Maybe it’s just a man thing. I’ve heard women complain that all men are desperately lonely, and terrified of commitment. Well, gay men certainly are, and so we usually go for sex instead of a date. Call it modern, convenient, fun, decadent – it’s been my experience that most guys want to have sex, and not stick around to play video games.

Which is weird, because getting a beej while you play video games is probably the best thing going.

You might be casting mixed signals, being a good date but not being a relationship type. You might experiment with the idea of hanging out with a good friend, non-sexually, and hooking up with a handsome stranger from the internet later that evening. There’s nothing wrong with that. There’s also nothing wrong with going on a date when you’re pretty sure you don’t want a relationship. Dating is fun, and leads to STDs. Why wouldn’t you?

I will, however, balk at the idea that you just ‘happen’ to be attracted to Caucasians, while they all want you for your big black parts. You asked how to get people to stop sexualizing you? You can’t. Just enjoy it. People like what they like. It’s just as racist for you to only sleep with white boys, as it is for them to only want a black lovers – which is to say – not at all racist. People have preferences, and it’s not just racial. Sometimes it’s cultural, or class based, or sometimes you want mint tea and there’s none left and you drink chamomile. Delicious yellow chamomile.

However, if you do go on a date and the dude won’t stop mentioning your race in an unfunny, annoying way? Don’t reward him by having sex with him. Don’t do it. You’re not doing well for yourself or the world by rewarding the type of behavior you disdain. It sounds like you’re an old-fashioned guy who likes to take things slow. It sounds like you have a healthy sex drive. You’re part of two oppressed minority groups. I’d say, take the best of life and leave the rest. Focusing on the negative makes a negative life, and you’ve probably had a long haul to get where you are. Let yourself enjoy.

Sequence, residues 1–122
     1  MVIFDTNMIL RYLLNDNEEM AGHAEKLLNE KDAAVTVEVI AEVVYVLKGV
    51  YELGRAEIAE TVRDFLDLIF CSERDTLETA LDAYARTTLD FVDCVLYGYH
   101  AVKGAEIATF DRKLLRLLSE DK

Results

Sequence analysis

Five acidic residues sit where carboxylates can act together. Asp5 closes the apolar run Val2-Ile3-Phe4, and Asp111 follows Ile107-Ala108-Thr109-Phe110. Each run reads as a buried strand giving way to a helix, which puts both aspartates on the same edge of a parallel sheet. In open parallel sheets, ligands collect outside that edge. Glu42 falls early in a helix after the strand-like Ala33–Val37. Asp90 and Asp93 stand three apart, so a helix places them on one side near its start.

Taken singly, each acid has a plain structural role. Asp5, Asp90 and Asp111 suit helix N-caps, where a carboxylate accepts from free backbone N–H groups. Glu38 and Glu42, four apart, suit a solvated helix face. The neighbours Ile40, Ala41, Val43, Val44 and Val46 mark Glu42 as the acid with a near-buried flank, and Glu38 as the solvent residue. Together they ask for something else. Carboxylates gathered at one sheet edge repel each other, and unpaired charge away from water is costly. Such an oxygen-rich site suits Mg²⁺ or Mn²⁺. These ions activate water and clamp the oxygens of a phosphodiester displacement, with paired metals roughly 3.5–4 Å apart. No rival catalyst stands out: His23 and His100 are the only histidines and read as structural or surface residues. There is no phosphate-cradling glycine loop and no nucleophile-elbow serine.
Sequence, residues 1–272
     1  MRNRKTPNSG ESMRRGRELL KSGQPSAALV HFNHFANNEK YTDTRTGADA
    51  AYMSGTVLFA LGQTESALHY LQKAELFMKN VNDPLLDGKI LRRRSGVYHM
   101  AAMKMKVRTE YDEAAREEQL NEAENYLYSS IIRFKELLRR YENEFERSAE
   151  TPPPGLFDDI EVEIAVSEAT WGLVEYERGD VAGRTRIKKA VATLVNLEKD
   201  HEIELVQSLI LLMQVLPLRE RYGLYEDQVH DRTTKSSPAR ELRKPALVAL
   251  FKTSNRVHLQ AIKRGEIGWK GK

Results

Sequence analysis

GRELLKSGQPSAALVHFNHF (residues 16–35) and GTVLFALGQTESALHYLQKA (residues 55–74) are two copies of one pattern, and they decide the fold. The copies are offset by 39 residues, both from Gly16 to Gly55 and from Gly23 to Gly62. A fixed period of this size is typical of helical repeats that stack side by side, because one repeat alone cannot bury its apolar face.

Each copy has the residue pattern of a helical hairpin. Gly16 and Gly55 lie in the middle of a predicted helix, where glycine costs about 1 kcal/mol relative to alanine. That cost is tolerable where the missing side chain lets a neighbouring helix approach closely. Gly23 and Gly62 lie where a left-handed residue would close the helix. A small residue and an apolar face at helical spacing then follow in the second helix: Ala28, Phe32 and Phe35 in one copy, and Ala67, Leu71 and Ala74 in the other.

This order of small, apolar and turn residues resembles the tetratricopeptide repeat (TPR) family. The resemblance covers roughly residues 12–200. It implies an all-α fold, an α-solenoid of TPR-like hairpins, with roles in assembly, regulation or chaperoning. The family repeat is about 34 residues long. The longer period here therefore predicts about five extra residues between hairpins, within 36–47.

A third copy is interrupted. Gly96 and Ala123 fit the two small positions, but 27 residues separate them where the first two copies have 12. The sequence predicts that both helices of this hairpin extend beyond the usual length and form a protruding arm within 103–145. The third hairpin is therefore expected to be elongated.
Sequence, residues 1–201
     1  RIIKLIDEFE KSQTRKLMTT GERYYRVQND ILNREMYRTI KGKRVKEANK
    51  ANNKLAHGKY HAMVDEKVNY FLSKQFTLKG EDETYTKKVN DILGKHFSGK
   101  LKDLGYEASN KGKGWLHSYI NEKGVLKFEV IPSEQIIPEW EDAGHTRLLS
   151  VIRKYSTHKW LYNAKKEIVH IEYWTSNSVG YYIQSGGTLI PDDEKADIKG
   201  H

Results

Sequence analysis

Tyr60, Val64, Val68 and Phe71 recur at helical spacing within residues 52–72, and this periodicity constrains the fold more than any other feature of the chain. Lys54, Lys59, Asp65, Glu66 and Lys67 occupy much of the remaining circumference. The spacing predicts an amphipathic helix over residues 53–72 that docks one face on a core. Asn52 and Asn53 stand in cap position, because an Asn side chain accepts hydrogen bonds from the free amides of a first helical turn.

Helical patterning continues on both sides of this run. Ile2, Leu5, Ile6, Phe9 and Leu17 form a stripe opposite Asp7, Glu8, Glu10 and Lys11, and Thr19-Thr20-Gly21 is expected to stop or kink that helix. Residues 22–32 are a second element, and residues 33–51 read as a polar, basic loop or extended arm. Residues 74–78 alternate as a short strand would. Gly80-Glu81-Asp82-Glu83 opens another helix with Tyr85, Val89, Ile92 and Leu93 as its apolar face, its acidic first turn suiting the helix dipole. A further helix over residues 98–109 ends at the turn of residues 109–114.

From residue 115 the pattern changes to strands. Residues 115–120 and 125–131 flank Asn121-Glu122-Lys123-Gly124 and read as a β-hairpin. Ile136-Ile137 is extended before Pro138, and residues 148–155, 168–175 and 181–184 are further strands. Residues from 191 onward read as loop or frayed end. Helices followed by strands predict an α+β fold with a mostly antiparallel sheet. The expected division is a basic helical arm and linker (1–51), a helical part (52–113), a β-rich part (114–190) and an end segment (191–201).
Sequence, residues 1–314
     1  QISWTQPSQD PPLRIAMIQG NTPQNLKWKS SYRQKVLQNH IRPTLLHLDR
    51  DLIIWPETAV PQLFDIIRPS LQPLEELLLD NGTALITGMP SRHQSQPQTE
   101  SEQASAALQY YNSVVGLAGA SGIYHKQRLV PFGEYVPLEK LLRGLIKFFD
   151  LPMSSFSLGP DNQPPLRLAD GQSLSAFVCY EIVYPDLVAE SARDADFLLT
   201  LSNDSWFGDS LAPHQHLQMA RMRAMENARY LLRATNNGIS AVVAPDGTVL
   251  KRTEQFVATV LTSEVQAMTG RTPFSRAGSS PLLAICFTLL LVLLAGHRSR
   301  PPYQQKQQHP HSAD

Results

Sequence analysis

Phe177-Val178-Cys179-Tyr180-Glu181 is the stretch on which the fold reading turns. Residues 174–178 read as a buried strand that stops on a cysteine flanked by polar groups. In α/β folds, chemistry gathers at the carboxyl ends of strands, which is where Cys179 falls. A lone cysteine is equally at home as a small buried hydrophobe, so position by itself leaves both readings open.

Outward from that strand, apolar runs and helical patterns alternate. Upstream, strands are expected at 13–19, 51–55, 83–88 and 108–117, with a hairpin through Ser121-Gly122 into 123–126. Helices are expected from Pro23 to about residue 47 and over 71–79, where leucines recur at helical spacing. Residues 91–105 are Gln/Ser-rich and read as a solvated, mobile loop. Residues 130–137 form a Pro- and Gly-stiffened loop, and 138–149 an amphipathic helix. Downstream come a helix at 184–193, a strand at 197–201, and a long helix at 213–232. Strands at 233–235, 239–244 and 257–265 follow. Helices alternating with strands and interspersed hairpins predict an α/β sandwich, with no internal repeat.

I guess I mean this: Bring flowers, go to dinner, hold hands – and go out there and get some pretty white tail. You earned it.





Dear Piefolk,


My name is Michelle.  I am a brunette 29 year old French-American woman living on the Upper West Side of Manhattan.  My boyfriend, let’s call him Jeremy,  is one year older than me. He just told me that he’s leaving me for a very wealthy 48 year old South American man. 

Jeremy, a redhead with sad brown eyes and perfect skin has never claimed to be gay, acted gay, or even had a lot of close male friends.  He broke it to me last Friday over a lovely Italian dinner that we couldn’t afford, saying literally “This charming man has the funds to take care of me.  One day, maybe he will take care of us.  In the meantime, I’m leaving you to live in Buenos Aires”.  I chuckled and sipped my Chianti until I saw the look in his eye and then I welled up with tears.  I KNEW something was coming.  But FUCK.  Why this?